Auxerre is a small city nestled in a bend of the River Yonne. The city is located far from the crowded cities of Beaune or Dijon and is not considered touristy. In France, Auxerre is known for its three important religious buildings, the Cathedral, the Abbey, and the Renaissance Church, which can be seen together from one point along the river.
While strolling across the city you will discover that the city is divided into three districts, each with its own separate cultural atmosphere. Some of the main highlights of Auxerre include the 15th-century clock tower in Quartier de l’Horloge, numerous museums, pedestrian-only streets, and finally the Abbey of Saint Germain of Auxerre.


Chablis is especially known for its world-famous wine that originates in the french settlement in the Northern part of Bourgogne. The small town has a population of 2500 inhabitants. Nevertheless, Chablis is the biggest export of Chablis Chardonnay wine. 

If you choose to visit this quaint town, you will find other delightful attractions, such as the Porte Noel, the old city gate, and the churches of Saint-Pierre and Saint-Martin. A famous event of Chablis is the festival of Jazz and Music, which takes place every year from May to June.


Dijon is mostly known as the French capital of mustard and is one of the largest cities of Burgundy. The city has a population of 155,000 residents and the things to do are mustard tastings, walking along the streets with timber-framed buildings, and looking for the hidden treasures of Dijon.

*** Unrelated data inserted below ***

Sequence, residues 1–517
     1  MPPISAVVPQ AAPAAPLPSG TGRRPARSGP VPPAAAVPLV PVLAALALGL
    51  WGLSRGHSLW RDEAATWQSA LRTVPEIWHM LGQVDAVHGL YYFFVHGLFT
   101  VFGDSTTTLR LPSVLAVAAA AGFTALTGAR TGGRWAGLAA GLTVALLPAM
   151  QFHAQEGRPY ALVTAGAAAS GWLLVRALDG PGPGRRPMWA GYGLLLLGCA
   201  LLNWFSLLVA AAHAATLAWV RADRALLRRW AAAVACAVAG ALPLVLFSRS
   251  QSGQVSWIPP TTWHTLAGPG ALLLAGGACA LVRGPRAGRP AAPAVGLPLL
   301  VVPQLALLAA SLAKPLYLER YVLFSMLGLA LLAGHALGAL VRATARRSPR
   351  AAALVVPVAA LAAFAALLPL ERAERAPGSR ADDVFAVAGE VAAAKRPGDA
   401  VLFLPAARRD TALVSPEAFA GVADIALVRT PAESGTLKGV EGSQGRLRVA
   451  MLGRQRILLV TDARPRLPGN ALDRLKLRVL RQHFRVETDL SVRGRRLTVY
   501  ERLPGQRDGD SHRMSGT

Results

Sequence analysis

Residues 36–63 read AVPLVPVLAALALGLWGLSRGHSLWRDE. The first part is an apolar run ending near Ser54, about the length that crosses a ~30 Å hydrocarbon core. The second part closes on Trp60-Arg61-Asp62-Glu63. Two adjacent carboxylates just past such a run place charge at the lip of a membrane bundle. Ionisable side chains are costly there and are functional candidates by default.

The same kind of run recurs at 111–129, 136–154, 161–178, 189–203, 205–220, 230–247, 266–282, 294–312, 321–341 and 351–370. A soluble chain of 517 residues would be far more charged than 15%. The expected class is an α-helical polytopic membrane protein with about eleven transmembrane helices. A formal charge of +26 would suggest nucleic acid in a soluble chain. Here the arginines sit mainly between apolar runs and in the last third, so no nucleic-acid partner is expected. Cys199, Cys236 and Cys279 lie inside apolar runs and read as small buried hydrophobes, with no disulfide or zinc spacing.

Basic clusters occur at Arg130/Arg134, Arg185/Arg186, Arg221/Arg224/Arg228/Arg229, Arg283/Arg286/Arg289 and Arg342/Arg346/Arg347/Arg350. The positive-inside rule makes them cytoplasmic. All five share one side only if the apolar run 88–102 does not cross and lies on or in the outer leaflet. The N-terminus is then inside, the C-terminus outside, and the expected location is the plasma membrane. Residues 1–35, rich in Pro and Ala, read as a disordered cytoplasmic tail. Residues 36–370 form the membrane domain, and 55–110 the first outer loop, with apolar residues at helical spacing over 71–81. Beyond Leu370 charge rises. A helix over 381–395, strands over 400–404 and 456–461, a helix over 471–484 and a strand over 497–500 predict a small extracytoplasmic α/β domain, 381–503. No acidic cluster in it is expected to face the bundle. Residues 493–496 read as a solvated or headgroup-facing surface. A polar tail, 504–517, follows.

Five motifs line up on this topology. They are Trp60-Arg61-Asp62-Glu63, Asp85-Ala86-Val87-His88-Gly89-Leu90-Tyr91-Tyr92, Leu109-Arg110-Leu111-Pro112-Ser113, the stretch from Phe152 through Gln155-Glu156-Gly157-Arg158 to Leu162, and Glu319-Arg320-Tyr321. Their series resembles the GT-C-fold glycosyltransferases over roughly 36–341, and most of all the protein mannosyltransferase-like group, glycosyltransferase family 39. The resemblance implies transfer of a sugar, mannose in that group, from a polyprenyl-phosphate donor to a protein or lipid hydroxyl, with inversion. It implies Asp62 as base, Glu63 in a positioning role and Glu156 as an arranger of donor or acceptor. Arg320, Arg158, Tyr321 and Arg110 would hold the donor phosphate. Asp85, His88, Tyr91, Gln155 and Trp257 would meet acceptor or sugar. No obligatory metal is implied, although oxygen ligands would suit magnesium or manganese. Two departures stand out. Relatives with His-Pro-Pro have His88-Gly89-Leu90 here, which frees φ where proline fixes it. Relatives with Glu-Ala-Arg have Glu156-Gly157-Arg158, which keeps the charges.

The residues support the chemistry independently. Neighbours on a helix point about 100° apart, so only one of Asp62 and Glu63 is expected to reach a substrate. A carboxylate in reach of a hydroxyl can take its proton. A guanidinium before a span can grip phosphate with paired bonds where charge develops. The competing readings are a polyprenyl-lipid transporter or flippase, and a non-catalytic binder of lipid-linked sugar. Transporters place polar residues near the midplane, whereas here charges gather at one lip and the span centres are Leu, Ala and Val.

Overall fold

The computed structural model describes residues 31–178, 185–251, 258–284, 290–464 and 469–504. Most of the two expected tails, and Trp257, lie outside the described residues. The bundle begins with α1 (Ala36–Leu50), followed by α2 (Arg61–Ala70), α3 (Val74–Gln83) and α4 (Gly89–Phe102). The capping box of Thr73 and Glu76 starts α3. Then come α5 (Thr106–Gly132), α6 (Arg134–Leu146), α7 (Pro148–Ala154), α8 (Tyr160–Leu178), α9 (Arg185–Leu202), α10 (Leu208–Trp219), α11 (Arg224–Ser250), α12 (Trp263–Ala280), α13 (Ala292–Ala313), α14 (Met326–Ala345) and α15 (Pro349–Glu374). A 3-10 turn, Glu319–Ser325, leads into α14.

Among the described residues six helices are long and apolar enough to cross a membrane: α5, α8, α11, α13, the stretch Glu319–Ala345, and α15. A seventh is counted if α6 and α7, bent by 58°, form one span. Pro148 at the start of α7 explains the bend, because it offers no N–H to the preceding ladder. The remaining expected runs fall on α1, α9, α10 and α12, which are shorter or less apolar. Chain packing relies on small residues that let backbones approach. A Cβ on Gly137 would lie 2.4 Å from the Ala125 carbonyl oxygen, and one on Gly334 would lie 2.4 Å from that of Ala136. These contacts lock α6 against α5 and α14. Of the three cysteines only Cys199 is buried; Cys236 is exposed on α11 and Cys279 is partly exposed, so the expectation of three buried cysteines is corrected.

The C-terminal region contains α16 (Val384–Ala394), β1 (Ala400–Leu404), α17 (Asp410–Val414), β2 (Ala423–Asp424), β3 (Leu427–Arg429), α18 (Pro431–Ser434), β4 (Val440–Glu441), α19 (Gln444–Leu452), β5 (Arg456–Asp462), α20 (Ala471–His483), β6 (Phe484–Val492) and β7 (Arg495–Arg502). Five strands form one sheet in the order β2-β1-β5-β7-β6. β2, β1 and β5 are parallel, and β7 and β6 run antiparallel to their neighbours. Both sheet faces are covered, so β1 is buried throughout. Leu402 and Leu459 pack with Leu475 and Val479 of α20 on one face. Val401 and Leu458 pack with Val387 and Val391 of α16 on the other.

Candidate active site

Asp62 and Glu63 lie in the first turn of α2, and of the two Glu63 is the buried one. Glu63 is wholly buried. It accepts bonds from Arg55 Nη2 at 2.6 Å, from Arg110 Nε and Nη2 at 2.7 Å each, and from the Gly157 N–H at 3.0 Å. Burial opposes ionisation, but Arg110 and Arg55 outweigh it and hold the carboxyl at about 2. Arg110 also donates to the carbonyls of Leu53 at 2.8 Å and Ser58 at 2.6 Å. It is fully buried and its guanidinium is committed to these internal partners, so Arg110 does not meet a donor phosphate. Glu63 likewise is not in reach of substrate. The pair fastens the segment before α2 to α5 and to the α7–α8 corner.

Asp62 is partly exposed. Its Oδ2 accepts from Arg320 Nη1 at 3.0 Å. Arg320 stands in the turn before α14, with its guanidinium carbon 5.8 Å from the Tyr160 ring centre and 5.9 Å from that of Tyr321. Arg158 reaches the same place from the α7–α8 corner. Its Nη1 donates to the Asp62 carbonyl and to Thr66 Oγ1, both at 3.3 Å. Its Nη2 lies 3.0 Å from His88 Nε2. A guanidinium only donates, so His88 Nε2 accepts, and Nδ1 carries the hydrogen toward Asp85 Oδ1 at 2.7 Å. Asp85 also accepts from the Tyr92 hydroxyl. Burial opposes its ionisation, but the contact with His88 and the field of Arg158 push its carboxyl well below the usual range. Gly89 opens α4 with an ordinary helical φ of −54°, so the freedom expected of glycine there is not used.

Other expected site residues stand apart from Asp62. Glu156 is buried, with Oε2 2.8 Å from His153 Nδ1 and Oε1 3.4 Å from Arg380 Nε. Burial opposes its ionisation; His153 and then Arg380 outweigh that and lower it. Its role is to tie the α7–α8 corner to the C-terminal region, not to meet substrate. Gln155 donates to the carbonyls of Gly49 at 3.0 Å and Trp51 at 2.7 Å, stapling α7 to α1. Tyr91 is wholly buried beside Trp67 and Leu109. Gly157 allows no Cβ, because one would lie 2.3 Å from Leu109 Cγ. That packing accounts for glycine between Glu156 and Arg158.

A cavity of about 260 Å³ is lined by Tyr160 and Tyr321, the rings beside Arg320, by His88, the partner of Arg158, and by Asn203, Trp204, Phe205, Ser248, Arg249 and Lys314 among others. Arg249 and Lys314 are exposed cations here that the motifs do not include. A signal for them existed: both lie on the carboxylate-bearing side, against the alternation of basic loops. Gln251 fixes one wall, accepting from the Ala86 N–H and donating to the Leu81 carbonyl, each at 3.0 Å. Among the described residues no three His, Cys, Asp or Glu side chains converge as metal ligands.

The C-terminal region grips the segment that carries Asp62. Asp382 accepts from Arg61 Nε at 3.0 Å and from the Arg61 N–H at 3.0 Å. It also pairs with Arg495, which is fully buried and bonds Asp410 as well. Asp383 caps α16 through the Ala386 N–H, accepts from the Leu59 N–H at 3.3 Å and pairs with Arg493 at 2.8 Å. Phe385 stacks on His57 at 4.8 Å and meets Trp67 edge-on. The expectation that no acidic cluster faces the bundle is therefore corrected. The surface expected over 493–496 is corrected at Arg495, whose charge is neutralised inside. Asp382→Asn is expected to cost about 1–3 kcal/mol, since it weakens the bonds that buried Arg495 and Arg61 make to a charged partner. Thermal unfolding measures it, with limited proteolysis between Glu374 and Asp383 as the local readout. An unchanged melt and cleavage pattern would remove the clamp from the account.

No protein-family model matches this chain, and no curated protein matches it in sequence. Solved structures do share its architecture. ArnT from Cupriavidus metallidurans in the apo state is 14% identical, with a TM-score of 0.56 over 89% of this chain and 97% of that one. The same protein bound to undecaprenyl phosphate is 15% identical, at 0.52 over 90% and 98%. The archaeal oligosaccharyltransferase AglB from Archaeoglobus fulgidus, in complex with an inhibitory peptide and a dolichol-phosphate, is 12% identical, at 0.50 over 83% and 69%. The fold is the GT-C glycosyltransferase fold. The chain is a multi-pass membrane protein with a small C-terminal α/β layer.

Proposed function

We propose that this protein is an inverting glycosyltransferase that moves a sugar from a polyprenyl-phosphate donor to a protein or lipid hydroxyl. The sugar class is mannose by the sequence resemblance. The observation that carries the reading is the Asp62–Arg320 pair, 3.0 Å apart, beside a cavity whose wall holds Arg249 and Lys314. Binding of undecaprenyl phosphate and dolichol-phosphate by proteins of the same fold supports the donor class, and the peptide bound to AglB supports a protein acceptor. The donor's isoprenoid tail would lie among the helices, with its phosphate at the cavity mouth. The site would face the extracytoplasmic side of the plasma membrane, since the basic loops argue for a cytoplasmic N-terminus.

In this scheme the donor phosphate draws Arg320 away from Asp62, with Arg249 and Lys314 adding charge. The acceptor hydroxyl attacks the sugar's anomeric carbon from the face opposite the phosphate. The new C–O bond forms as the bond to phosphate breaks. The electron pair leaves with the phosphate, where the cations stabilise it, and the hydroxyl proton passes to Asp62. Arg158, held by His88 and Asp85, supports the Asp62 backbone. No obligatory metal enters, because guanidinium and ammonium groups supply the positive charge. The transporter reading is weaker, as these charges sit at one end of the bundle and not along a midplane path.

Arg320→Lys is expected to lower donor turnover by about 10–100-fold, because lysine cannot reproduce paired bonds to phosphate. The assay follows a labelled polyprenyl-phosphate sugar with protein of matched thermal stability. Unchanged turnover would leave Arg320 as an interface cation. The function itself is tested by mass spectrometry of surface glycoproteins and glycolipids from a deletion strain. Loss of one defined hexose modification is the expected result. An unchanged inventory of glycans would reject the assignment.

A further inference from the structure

If you thought Burgundy couldn’t get any more nostalgic, it turns out there is a town called Avallon! It is located between Auxerre and Beaune, and history and legend intertwine in the stories of Avallon’s past.

Some theorists say that Avallon of Bourgogne is the same town narrated in the Arthurian legend. Nevertheless, there is no denying the beauty of the seven thousand inhabitants town. While searching for King Arthur, look for the collegiate church of Saint-Lazare d’Avallon and visit one of the two museums of the city, the Museum of Costume and the town museum.



If Dijon is the French capital of mustard, Beaune is the French capital of wine. It was founded in the Roman Age and is full of wine tasting cellars, wine merchants, and bookshops on the history of wine. In the city, there are also many stunning churches, ancient mansion houses, and the old Beaune hospital.